Historic Birth of Southern White Rhino at San Diego Zoo Safari Park

San Diego Zoo Global is excited to announce a historic, successful birth of a southern white rhino calf at the San Diego Zoo Safari Park—the conservation organization’s first rhino born following hormone-induced ovulation and artificial insemination. The mother, Victoria, gave birth to a healthy male calf Sunday, July 28, 2019, in the barn at the Nikita Kahn Rhino Rescue Center. Animal care staff on hand to witness the birth reported Victoria did extremely well and remained calm during the 30-minute labor. The calf is nursing well, and mother and calf are bonding in a quiet nursing setting. Artificial insemination of southern white rhinos has rarely been successful; this is the first successful artificial insemination birth of a southern white rhino in North America.

San Diego Zoo Global has a history of expertise with rhino species. With the birth of this calf, there have now been 99 southern white rhinos born at the San Diego Zoo Safari Park, in addition to births of 73 greater one-horned rhinos and 14 black rhinos at the Safari Park.

On any given day, visitors to the Safari Park may be able to see one or more of the southern white rhinos from the Africa Tram, as their keepers rotate them from the back area to the front Rhino Rescue Center exhibit yard. The public can help support San Diego Zoo Global’s rhino conservation efforts through the San Diego Zoo Global Wildlife Conservancy at endextinction.org/rhino or endextinction.org/Victoria.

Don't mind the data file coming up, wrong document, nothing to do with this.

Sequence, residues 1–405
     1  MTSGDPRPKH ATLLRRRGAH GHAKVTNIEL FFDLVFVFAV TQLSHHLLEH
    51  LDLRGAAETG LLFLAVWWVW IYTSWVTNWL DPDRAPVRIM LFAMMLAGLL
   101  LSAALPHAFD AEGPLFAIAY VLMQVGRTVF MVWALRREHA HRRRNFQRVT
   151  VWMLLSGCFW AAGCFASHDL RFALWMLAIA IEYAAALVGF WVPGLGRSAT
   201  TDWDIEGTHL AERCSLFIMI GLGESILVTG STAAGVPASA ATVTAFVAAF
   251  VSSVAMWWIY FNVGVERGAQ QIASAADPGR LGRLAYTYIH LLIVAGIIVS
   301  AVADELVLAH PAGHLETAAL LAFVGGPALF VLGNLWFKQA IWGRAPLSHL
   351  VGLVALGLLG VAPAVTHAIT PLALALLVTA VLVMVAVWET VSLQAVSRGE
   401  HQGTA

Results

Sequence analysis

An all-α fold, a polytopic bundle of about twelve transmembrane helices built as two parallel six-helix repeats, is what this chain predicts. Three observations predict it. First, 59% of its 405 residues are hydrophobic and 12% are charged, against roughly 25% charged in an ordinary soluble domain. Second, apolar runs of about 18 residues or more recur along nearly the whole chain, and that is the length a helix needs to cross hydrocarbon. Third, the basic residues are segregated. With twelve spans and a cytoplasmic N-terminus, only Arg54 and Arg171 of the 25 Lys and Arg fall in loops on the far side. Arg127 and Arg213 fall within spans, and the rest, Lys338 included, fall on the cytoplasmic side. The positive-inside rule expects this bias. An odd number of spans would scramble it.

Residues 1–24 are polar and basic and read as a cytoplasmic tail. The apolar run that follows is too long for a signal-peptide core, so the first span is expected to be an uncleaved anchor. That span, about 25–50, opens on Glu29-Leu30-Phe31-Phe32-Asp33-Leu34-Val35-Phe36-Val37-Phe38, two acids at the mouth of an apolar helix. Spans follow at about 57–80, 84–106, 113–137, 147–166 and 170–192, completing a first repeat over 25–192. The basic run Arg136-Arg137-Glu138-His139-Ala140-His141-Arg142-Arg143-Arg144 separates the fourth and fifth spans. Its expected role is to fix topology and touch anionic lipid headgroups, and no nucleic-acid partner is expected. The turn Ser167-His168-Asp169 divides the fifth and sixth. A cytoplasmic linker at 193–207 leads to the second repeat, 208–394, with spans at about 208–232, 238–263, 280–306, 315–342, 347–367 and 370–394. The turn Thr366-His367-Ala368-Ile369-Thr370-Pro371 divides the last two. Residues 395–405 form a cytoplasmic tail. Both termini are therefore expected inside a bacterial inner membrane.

As an international nonprofit organization, San Diego Zoo Global works to fight extinction through conservation efforts for plants and animals worldwide. With a history of leadership in species recovery and animal care, San Diego Zoo Global works with partners in science-based field programs on six continents, and maintains sanctuaries and public education facilities in many places. Inspiring a passion for nature is critical to saving species, and San Diego Zoo Global’s outreach efforts share the wonder of wildlife with millions of people every year. Current major conservation initiatives include fighting wildlife trafficking and the impacts of climate change on wildlife species; broad-spectrum species and habitat protection efforts in Kenya, in Peru and on islands worldwide; preventing extinction in our own backyard; and expanding efforts to bank critical genetic resources and apply them to the conservation of critically endangered species.

To learn more,about this visit sandiegozooglobal.org